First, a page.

My BIG mistake. Trix had a 3.8mm/ft Commonwealth coach bogie which was also dirt cheap, and these were what I used to make them work, unless people were prepared to fork out for whitemetal kit bogies (latterly the ABS Gresley bogie, superb product from the late Adrian Swain). The Trix bogies were the most frictionless vehicles ever available, moulded in a slippery polymer in a track dirt brown colour. Like a nitwit I sold the lot about 45 years ago, except for one pair I accidentally overlooked.

OK, they are a scale 3" short, but they will take a pinpoint axle 14mm wheel, and look fine. And how they roll. Had I realised that modelling late BR steam lay in my future, I would never have let them go...

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Lysander
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Re: Trix Twin Railway.

Postby Lysander » Sun Jun 14, 2020 12:18 pm

An interesting read Bigmet. And I've heard others comment on the free-running quality of those bogies, particulalrly under Trix's later scale-length [but still 3.8mm] Mark One coaches.

This is a nice early Trix example, a just-post-War Pullman. It has interior lighting [like their American Pullmans] and considering the time that it spent in an attic, unprotected, is in really good condition. It lives now in the club's show case, along with a lot of other vintage rolling stock.

Image

Tony
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Bufferstop
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Re: Trix Twin Railway.

Postby Bufferstop » Sun Jun 14, 2020 3:21 pm

The 3.8mm scale is fairly easy to understand. This was a German company with an H0 range, making UK models which they wanted to be compatible with both their H0 and the UKs 00 ranges. Given the UKs slightly smaller loading gauge 3.8mm/ft gave a similar sized model to their H0 products, and one that was probably as close to 4mm scale as many UK products were, certainly lengthways. At the time both Hornby Dublo and Triang produced much shortened coaches, Triang by missing out one window each side and HD by slimming the windows a little and the bits in-between a lot.
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Alexander Court
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Re: Trix Twin Railway.

Postby Alexander Court » Sun Jun 14, 2020 4:59 pm

That pullman looks rather lovely. I used two have two lner prewar (I think) coache s that were TTR that had weird couplings on them that had wheels that disintegrated and have been relocated to someone elses collection. I had a red TTR suburban sirt of coach once too I think that was given replacement bogies off of a Lima/Hornby ews hopper or something (I only had the bogies so guessing at the wagon type) but that has since been sold. I do have one TTR item left which came to me as just a coach body which I have fixed to a triang chassis with added footboards robbed from another Triang brakevan (I think) and this forms part of my brewery's private train. I'll get some photos to upload (hopefully I can post them later). Wouldn't mind another or a matching brake coach (unlikely for its size).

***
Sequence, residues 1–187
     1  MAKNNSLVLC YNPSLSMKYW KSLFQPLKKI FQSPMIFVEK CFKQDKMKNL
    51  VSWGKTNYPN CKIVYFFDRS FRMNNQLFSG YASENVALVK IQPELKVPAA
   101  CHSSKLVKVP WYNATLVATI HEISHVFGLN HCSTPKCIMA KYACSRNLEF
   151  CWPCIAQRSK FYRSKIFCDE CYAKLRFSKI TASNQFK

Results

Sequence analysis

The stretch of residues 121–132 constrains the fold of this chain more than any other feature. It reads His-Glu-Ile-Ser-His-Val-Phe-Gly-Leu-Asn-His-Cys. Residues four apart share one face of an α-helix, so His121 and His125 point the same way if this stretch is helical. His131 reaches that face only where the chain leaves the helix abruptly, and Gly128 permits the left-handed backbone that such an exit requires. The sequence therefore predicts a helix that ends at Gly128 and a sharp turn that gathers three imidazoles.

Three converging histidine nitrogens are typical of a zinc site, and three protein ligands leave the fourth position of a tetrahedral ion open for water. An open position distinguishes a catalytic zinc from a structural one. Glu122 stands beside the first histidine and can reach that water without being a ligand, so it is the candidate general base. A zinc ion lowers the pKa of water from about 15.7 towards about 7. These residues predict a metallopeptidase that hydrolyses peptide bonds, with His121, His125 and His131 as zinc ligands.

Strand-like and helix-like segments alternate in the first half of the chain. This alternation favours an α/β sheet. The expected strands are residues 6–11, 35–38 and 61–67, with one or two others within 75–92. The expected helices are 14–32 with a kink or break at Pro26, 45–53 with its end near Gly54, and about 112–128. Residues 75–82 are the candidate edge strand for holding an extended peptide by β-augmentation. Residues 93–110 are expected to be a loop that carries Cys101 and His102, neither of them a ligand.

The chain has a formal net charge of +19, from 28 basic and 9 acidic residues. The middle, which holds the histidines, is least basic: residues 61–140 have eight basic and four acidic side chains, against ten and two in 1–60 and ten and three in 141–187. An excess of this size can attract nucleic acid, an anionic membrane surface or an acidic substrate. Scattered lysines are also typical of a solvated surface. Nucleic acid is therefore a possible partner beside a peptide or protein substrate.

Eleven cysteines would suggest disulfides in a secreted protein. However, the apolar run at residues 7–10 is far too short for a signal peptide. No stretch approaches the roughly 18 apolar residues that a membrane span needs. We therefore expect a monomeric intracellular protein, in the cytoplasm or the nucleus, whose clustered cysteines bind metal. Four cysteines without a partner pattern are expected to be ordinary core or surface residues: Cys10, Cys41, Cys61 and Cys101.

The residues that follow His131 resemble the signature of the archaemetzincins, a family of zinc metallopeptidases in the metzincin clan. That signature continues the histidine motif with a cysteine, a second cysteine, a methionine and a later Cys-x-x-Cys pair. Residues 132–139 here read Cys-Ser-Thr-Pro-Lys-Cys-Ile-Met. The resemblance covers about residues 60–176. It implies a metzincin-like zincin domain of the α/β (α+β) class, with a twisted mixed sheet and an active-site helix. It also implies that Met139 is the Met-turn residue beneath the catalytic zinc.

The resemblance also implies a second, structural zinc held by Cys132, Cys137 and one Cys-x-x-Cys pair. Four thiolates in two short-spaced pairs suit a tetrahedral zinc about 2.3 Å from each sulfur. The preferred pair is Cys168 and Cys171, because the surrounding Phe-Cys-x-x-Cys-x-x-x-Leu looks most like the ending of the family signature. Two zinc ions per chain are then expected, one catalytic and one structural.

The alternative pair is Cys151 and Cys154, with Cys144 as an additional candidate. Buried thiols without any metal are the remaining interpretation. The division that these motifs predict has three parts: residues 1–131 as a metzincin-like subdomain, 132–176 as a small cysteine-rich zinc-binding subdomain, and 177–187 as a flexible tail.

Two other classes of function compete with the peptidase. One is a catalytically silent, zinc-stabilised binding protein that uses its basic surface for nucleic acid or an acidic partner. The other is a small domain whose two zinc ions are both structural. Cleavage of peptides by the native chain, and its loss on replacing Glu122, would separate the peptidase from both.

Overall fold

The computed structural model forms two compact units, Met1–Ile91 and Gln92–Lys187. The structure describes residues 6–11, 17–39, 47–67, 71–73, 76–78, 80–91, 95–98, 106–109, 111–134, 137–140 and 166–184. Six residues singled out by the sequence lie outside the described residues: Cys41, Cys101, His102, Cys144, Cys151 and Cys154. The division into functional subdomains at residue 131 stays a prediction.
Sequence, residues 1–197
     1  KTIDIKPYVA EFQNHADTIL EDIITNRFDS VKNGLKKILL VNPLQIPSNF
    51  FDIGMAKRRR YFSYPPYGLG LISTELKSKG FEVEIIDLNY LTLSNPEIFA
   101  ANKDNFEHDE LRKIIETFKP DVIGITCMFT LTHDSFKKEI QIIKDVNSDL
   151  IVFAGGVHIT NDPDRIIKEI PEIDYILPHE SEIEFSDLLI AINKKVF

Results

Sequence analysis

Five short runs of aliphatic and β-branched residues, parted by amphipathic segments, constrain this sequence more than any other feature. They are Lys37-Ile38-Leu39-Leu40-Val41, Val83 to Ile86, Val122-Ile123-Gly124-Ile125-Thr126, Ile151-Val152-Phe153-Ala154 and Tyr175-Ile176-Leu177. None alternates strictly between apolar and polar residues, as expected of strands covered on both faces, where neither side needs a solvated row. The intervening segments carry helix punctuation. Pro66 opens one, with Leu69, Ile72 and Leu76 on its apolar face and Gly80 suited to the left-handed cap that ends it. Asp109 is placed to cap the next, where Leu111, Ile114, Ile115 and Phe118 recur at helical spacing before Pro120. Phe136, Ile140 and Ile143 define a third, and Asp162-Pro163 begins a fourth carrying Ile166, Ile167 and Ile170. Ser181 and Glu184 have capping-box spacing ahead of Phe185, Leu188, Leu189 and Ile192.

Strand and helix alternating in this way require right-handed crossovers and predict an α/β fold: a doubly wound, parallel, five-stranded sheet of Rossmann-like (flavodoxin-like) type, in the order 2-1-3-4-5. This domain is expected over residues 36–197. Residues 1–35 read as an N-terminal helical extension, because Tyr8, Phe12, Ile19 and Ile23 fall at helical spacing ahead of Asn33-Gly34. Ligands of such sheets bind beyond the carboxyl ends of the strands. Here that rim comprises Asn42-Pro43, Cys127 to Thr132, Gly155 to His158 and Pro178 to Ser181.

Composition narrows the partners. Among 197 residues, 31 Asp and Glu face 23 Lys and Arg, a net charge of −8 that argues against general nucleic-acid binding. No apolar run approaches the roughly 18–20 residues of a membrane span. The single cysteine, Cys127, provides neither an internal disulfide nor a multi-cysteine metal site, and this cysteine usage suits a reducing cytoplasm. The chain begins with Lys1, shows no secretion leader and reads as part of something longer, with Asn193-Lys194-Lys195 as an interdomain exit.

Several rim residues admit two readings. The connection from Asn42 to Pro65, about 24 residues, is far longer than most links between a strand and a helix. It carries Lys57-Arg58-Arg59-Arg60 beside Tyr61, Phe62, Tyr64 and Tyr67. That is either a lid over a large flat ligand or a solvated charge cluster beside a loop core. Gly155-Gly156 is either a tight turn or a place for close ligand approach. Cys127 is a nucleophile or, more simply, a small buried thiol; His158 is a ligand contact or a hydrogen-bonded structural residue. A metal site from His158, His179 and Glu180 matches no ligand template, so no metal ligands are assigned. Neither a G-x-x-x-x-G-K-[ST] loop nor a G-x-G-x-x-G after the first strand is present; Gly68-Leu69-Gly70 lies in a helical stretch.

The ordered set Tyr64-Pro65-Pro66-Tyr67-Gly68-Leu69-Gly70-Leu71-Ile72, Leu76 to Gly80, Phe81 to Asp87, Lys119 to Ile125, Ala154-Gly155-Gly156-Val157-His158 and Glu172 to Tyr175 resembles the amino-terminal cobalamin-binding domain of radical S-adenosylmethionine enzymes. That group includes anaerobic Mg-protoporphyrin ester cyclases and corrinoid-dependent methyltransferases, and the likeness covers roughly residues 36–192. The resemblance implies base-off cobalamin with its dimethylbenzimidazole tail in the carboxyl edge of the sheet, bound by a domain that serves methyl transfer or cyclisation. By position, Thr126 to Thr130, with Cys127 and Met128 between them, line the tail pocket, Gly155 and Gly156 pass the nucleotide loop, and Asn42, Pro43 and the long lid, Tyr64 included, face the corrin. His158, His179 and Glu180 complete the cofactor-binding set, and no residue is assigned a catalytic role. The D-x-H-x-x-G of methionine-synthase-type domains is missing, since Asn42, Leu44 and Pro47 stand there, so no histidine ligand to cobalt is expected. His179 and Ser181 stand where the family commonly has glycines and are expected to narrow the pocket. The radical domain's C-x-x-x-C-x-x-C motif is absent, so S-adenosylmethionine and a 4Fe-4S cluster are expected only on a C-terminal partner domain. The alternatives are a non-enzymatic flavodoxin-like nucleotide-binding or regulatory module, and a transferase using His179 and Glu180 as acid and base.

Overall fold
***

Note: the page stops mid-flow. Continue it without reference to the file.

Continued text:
Alex

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Alexander Court
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Re: Trix Twin Railway.

Postby Alexander Court » Sun Jun 14, 2020 11:32 pm

Managed to get some pics of the TTR Coach I have, it's perfect for the brewery train as it's nice and short and fits in the sidings which are also fairly short and the coach length matches up quite well with my army Ruston. It also turns out that the Ruston works over all of the trackwork on the layout without the flat truck, which makes operation easier.
TTR3.jpg
TTR3.jpg (69.41 KiB) Viewed 614 times

TTR2.jpg

TTR1.jpg


I was googling and decided I would really like to do the same conversion with a full brake 4 wheel coach that would go with this one.

Thanks,
Alex

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Bufferstop
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Re: Trix Twin Railway.

Postby Bufferstop » Mon Jun 15, 2020 11:08 am

Trix couplings were a minor minefield due to a failed attempt to avoid the patent held by Peco and Meccano(Hornby Dublo). Trix thought they could get around the patent by producing a mirror image version, Meccano and Peco took a different view, and in the end so did the courts. Trix were forced to apply to Peco for a license to use the design, at which point they started fitting compatible ones. Meanwhile Triang(Rovex) were developing a coupling based on the LANAL design, which was better at coupling but a pig to allow a vehicle to be removed from a train. But once they developed the TensionLock design, and merged with Hornby (bought out would be more accurate) that was the universal design in the UK. They never patented it, probably they though having cornered the market they didn't need to.
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Lysander
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Re: Trix Twin Railway.

Postby Lysander » Mon Jun 15, 2020 12:03 pm

Alexander - you may be interested to know that your Trix four-wheeler body was only made between 1936 and 1939. Trix made a four-wheel Full Brake to accompany it and both can be found in LNER livery, also. A bit of history you have there.

Tony
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Mountain
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Re: Trix Twin Railway.

Postby Mountain » Mon Jun 15, 2020 1:11 pm

That is one interesting little coach! It almost looks like a Hornby 4 wheel coach!